After more than 50,000 refugees and migrants have entered Hungary since the beginning of the year, the government in June decided to set up a four-meter high fence along the border with Serbia. At the same time, the idea was to let the asylum seekers who wanted to go further north.
Parliament decided in July that refugees traveling through so-called safe countries could be deported when they arrived in Hungary. Parliament also gave the go-ahead for the construction of border fences against Serbia. Large police forces were mobilized to the border, where more and more refugees arrived. For now, barbed wire was rolled out after the 17-mile border with Serbia.
Since Germany expressed its willingness to accept all Syrian refugees, even though they have passed through other EU countries, the migration flow through Hungary, where few wanted to seek asylum. In September, there was chaos at the Budapest Central Station when police stopped refugees from boarding the trains to Austria and Germany. The station became a makeshift refugee camp with thousands of people sleeping on floors or in tents, with volunteer workers pouring in. The refugees then began to leave the station on foot the 180 km long road towards the Austrian border. The TV images on the refugee stream along the Hungarian motorway, where volunteers offered bananas, chocolate and water, reminded of refugee scenes from the Second World War. Buses were then temporarily made available to take refugees to the border.
Prime Minister Orbán was upset by Germany’s decision to open borders to refugees, which meant that the flow of people through Hungary was increasing. Orbán warned that Europe would be flooded by millions of migrants and refugees, and he said Hungary did not intend to host Muslims. A new law was voted on, according to which anyone entering Hungary without a permit risks three years in prison.
Hungary voted against the EU plan on compulsory refugee quotas for member states. An emergency permit was issued in the border area with Serbia, the border was closed and hundreds of people were arrested as they tried to enter Hungary. Refugees stormed the barbed wire fence, chaos ensued and the police used tear gas and water cannons. Hungary was condemned by the EU, and refugees began to travel around Hungary to reach Austria via Croatia and Slovenia.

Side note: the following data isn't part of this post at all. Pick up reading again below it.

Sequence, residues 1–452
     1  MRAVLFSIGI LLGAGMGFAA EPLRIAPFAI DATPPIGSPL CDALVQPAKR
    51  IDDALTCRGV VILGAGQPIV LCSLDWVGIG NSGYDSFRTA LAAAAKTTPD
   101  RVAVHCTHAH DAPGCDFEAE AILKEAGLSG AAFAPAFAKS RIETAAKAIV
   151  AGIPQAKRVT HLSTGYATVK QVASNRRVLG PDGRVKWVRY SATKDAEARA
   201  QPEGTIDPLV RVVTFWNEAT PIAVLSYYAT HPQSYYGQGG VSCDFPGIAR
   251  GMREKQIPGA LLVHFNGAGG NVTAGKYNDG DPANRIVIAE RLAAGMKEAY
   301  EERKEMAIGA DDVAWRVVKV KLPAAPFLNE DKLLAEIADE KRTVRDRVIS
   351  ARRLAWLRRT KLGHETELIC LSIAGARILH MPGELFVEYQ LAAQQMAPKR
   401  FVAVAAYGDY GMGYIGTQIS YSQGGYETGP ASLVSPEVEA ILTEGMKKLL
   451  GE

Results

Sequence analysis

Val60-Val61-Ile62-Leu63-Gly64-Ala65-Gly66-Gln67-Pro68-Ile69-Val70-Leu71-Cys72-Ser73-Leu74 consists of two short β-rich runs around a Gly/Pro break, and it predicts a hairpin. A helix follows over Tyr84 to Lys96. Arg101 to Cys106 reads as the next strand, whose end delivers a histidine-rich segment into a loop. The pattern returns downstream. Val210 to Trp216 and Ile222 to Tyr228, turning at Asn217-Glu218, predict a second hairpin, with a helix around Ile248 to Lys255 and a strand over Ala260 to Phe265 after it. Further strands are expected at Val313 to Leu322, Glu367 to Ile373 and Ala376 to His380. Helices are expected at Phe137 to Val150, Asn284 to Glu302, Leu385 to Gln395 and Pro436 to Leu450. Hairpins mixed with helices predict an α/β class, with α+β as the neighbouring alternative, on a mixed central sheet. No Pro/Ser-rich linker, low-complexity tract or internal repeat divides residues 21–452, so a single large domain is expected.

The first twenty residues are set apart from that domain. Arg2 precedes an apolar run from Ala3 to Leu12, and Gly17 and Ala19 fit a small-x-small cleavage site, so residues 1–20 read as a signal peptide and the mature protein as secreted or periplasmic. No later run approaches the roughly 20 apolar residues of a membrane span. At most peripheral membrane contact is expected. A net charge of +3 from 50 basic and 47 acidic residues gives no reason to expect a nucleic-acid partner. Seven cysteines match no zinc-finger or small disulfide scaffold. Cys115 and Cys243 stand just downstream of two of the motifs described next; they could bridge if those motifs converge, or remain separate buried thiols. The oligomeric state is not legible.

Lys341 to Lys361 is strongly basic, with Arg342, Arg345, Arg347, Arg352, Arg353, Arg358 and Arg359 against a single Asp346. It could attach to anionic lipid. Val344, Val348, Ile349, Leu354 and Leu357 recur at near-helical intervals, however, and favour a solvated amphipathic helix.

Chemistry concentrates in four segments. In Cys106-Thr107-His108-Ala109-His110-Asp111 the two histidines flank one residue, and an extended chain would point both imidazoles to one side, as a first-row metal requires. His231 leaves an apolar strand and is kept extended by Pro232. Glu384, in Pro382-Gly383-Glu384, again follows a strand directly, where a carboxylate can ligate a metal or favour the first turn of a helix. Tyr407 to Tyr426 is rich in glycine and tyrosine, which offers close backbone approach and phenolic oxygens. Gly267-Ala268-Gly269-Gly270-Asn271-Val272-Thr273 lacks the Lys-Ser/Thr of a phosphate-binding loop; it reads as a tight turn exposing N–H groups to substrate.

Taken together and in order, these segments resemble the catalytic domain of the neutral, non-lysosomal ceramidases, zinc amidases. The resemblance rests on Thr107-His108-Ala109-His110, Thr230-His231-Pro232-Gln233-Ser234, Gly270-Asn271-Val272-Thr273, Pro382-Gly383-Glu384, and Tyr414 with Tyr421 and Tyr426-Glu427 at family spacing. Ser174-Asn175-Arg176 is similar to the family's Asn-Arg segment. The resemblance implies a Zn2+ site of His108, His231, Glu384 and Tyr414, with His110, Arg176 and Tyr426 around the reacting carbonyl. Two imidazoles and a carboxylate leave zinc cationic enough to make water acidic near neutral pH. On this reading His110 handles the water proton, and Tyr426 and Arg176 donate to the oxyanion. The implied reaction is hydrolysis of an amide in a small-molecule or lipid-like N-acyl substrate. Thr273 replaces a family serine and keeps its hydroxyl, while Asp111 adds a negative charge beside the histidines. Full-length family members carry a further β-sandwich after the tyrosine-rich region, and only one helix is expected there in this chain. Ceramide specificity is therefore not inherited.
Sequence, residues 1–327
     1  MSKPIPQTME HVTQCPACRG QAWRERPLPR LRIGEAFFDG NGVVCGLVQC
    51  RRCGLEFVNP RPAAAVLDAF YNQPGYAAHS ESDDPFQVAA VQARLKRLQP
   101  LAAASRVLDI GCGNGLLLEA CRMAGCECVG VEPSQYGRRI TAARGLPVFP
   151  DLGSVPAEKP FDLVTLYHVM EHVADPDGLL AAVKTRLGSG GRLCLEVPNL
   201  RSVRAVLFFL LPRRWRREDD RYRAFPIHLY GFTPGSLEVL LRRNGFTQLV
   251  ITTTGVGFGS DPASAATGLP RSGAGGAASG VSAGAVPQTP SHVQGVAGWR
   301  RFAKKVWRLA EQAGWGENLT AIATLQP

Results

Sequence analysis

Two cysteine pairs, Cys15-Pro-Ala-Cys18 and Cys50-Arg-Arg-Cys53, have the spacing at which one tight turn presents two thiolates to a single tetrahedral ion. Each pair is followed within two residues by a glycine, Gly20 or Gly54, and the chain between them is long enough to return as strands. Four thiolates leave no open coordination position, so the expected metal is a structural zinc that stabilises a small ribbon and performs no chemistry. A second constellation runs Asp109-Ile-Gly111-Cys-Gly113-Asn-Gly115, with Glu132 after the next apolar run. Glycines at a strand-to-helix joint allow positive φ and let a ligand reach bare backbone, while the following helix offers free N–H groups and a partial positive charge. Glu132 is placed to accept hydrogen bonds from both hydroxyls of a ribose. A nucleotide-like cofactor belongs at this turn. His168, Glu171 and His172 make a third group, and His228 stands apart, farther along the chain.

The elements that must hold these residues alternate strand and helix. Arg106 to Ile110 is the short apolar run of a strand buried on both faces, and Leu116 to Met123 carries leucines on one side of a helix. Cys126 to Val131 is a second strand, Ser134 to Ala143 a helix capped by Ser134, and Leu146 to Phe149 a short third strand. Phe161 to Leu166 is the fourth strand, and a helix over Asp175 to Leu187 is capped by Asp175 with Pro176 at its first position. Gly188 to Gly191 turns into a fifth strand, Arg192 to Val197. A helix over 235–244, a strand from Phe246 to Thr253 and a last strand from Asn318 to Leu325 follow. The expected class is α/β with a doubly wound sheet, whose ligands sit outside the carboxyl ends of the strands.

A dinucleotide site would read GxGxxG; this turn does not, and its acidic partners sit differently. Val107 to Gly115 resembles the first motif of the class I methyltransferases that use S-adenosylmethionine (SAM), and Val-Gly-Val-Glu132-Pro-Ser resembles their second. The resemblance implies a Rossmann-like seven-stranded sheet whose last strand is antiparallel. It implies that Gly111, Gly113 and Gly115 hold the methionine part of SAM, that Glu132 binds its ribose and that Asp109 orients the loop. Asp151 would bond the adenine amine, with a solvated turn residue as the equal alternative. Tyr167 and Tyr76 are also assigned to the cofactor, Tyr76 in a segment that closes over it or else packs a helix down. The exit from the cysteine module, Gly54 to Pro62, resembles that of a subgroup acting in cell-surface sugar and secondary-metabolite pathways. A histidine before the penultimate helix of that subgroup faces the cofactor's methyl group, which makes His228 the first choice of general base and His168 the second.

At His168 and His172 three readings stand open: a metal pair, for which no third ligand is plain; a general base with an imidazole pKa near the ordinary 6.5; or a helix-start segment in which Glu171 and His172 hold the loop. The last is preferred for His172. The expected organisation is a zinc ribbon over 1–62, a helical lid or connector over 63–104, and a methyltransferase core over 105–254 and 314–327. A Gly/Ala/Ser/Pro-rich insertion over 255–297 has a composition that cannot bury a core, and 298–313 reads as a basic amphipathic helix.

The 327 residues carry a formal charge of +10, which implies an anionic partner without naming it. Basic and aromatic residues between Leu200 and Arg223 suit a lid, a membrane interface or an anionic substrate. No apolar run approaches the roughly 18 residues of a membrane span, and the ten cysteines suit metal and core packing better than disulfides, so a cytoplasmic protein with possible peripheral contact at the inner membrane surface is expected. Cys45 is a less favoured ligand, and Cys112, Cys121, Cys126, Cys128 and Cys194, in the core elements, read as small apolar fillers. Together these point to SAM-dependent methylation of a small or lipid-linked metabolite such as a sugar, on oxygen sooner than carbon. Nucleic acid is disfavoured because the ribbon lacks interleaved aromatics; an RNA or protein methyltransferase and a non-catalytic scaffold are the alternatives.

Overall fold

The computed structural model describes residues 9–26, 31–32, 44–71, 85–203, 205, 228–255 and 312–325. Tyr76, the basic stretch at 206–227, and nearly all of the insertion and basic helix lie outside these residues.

Against Romania, the government decided to erect fences, and barbed wire was laid against Croatia and Slovenia. Later, a corridor from Serbia to Croatia was opened to allow the refugees to cross Hungary on their way north.
Parliament approved that the army could be deployed at the borders and also use weapons there. When the borders were finally closed in October, over 385,000 refugees and migrants had passed through Hungary since the beginning of the year. The government published advertisements in Hungarian press criticizing the EU plan and describing refugees from the Middle East as a terrorist threat. According to Orbán, terrorists followed the flow of migrants. At the UN, he proposed international quotas for refugee reception, which would relieve Europe.
The government decided to appeal the EU decision on mandatory quotas, in which member states would redistribute refugees from Italy and Greece. In December, the appeal was filed with the European Court of Justice. According to EU quotas, Hungary would receive 306 refugees from Italy and 998 from Greece.
The government’s tough attitude towards refugees led to an increase in public support for Fidesz, while the right-wing extremist Jobbik declined somewhat.